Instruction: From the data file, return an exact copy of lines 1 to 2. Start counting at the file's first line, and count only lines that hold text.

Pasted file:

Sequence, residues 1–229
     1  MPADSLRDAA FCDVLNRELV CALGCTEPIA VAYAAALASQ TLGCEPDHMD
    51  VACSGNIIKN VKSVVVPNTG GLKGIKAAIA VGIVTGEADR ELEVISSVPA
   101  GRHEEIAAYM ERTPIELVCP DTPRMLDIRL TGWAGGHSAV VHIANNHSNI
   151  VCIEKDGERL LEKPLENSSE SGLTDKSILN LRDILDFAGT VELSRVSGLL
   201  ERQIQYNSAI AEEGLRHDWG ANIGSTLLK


Sequence, residues 1–229
     1  MPADSLRDAA FCDVLNRELV CALGCTEPIA VAYAAALASQ TLGCEPDHMD